The challenge of definition
Over the past few years we’ve been designing and building digital services for LGSS – the local government shared service – and its multiple customers.
One thing that is immediately noticeable about working across different organisations is the contrast in language, terms and general vocabulary. How do you approach that kind of issue? What other challenges does it stir up? The answers to those questions is something we’re yet to figure out but one thing that’s come out of the work so far is a demonstration of how much of an issue definition and clarity is within the public sector.
We face a similar issue with our own digital vocabularly.
What do we mean by digital? What do we mean by digital literacy? How is service design different from business analysis? These terms aren’t commonly understood, and can they have many interpretations which makes a structured, pragmatic discussion very difficult.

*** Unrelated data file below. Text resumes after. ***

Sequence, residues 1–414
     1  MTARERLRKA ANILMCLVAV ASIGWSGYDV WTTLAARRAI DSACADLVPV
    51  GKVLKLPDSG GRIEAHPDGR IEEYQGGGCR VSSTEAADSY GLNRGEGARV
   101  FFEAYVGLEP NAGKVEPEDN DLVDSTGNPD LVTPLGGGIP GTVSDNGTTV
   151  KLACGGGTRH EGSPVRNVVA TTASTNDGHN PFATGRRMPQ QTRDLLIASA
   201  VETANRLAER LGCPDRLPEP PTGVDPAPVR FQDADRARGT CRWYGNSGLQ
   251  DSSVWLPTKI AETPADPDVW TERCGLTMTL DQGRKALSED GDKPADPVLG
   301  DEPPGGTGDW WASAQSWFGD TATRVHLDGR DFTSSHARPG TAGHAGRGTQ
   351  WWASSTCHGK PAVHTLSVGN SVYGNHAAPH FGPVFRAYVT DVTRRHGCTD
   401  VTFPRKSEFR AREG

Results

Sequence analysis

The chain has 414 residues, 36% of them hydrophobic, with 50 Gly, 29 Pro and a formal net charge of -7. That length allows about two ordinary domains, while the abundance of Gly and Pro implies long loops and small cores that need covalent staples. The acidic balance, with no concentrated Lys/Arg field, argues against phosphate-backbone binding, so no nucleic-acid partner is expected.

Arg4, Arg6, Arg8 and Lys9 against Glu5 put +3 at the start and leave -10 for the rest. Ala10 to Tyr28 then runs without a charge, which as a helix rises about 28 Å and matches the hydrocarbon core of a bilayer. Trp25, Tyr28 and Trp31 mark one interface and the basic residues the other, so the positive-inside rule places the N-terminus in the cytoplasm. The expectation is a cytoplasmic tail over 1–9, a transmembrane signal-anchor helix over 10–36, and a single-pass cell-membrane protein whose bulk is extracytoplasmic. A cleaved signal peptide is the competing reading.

We’re trying our best to define any team-specific wording when communicating to our customers. Where possible, we’ll use our customer’s way of speaking, to make sure we’re understood – but we’ll define these terms too, just in case.
I’ve seen tools, technology and press releases all delivered to solve a non-problem because of a lack of definition.
Similarly, engaging a wider audience in the digital agenda and understanding service design is going to be ever more challenging until we, as a sector, define both the problem and the language that we use to define it.
At LGSS Digital, we’re putting a lot of effort into defining user needs before a solution is delivered – making engagement and delivery a heck of a lot easier.
On the flip side, why on earth would anyone in their right mind jump on board with a half-baked, slightly baffling set of ‘innovative’ ideas when the words used to describe them are vague at best.
When we’re spreading the word and engaging a wider audience, our challenge is definition – clarity and consistency are key.
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